Positive Language For No-Nonsense Managers
Reading LinkedIn, you might think that the average office is a caring, sharing environment. Everyone adopts a nurturing attitude towards their colleagues. Managers give their staff kind words of encouragement even when they make expensive mistakes.
Perhaps your experience was different? Mine was.
I’ve worked with organizations where positivity and empathy were not among the corporate values.
Encounters with managers in the military, law enforcement, accounting firms, sales teams, and outsourced call centres can be bruising experiences.
So why would anyone tell a Navy chief petty officer, a tax inspector, or a Russian call centre manager that using positive and encouraging language might be a good idea? Why would they believe it?
Positive Language — The Business Case
Positive language makes working a more pleasant experience.
Staff are more likely to be productive, stay with the company instead of move on, and perhaps even persuade their friends to work there.
The financial benefits of increased productivity are obvious.
Reducing staff turnover means less time and effort spent recruiting and training replacements, and fewer periods of sub-par productivity from partially trained employees.
Most companies have “recommend a friend” schemes. The savings can be substantial. A UK company offers a GBP 1,000 bonus for staff who successfully recruit their friends. Most recruitment firms charge three months’ salary for the same thing. This could easily amount to two or three times the bonus, even for quite junior positions.
The frequent use of negative language has the opposite effect.
Resentful staff have less reason to be productive and so earn less for the company.
Resentful staff are more likely to leave at the first opportunity. HR will need to recruit and train more new hires to replace them. This costs more and has a negative impact on productivity.
Resentful staff are more likely to tell their friends and relatives how bad the company is to work for, so dissuading people from working there.
What Is Positive Language?
Positive language need not be sickly sweet. It has four distinct characteristics:
- It tells listeners what CAN be done. Negative language focuses on what CANNOT be done.
- It offers alternatives, choices, and options. Negative language offers no alternatives, no choices, and no options.
- Positive language focuses on the problem to be solved. It looks forward to finding a solution. Negative language focuses on finding someone, usually the listener, to blame.
- Positive language helps and encourages people. Negative language does not encourage anyone.
What Does It Take To Speak More Positively?
Surprisingly little. Here are some examples of negative phrases people use, and their more positive substitutes.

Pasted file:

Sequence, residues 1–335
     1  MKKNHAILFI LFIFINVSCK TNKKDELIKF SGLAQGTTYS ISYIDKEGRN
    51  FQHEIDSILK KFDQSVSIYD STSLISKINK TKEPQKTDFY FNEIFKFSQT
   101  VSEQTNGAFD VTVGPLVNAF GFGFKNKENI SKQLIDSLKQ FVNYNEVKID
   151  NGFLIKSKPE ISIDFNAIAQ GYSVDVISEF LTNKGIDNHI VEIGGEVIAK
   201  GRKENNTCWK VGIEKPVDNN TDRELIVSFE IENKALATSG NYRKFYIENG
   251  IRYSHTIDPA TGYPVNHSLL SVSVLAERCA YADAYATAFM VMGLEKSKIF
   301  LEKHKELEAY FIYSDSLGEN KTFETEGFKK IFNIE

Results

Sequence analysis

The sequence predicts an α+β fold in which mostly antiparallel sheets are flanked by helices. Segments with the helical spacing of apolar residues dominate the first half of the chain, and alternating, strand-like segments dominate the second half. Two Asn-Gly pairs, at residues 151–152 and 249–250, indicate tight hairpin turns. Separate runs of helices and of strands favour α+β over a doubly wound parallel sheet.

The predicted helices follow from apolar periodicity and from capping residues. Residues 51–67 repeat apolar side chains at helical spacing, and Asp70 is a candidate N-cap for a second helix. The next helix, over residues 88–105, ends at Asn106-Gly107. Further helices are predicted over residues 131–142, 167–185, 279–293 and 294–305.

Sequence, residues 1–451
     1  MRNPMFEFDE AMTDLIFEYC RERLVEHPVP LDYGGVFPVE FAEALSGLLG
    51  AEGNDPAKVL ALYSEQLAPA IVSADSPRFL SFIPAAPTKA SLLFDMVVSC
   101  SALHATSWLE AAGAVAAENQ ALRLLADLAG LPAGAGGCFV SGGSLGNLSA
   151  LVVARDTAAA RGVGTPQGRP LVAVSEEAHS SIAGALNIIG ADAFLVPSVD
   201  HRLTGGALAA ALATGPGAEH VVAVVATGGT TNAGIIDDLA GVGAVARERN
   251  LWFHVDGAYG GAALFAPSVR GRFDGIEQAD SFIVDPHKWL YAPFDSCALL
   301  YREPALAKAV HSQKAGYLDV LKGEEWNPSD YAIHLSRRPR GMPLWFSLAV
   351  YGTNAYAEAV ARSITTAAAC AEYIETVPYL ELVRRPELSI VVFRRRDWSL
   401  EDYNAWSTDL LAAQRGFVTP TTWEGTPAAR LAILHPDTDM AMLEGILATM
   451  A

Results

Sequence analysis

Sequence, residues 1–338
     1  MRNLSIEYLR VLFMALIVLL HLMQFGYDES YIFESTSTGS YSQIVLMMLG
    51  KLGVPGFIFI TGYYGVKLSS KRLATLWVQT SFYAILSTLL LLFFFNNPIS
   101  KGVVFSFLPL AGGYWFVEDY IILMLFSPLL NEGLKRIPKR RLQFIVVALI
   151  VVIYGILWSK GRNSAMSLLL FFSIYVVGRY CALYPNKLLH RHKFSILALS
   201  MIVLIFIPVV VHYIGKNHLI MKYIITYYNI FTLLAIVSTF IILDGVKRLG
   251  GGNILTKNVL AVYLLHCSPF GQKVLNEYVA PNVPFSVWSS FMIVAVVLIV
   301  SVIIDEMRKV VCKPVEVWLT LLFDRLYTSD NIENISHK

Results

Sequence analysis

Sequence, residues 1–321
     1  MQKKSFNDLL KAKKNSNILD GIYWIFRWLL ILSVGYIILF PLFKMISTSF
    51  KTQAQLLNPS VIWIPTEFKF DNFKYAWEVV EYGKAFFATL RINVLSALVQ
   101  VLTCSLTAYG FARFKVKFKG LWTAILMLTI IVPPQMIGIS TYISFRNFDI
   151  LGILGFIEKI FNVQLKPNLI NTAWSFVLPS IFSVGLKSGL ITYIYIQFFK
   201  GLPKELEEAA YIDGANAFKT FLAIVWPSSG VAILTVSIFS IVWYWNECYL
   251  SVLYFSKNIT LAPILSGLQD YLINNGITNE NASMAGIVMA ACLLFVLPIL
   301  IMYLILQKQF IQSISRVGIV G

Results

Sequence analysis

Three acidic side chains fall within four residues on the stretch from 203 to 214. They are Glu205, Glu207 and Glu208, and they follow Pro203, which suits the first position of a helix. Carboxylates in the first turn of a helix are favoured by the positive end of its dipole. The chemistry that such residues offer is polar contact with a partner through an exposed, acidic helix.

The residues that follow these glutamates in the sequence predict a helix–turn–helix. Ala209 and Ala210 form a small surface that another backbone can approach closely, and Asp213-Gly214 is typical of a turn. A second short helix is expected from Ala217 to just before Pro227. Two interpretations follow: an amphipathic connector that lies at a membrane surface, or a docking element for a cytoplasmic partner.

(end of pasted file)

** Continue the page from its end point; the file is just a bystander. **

This looks back to the past. It says what the person didn’t do without offering alternatives. It makes it clear that the fault lies with the listener. Suppose we replace this with “Next time, try...”? This looks forward. It doesn’t point the finger and it gives the listener an alternative course of action.
This is very forceful and puts the blame firmly on the listener. How would the listener react to “It would be better if you...” or maybe “We should/must...”? The first option presents an alternative course of action. If the issue is related to legal obligations or safety requirements, then saying “We should/must...” takes away the sting by emphasizing that everyone has to do it.
“You didn’t understand...”
As a trainer, I try to avoid saying this. If my trainee doesn’t understand, then that’s not her fault, it’s my fault. I didn’t present it properly. I prefer to say: “I didn’t tell you properly/clearly enough...”
Linguistic Land Mines!
These phrases are guaranteed to lead to fights and divorce proceedings.
This says: “I have listened to you. It doesn’t matter.” Try replacing the word “but” with “and.” You’ll find that the conversation moves along faster and with less antagonism.
“You should have...”
This focuses on the past and the person’s “mistake.” It shows no respect for the listener and blames him for not having your superior knowledge. A more positive substitute might be: “Next time, try...” That conveys the same message, but looks forward to getting it right in the future.
“Why” questions often sound like accusations. We all remember teachers asking us why we didn’t do our homework. “Why” questions often put people into “excuse giving” mode. They answer the question with excuses rather than properly thought-out root causes. Coaches recommend replacing “Why” with “What...?” transforming the question “Why didn’t you do your homework” into “What prevented you from doing your homework?"
Saying this usually has the opposite effect! It tells your listener that you do not care about their emotions. You just want them to stop expressing them. If you really want to help a person become less emotional, try telling him, “I want to help you, I need you to tell me what the problem is.” If the person shouts, it’s more effective if you take them aside and let them vent. Often, once the person has expressed their anger, they can speak more rationally and will apologize for their outbursts.
Think of the conversations you have had recently.
How many negative phrases have you heard? What effect did they have on you?
How many negative phrases have you used yourself? Now that you know more about positive and negative language, how would you conduct these conversations differently?
Once you’ve thought about these questions, get in touch and tell me your thoughts!
When you’re training your staff, your choice of language can have a massive effect on their learning. To find out more about how to train staff, please read my posts “Training for Non-Trainers” and “Explaining How Things Work: How To Do It And Why It Matters.”
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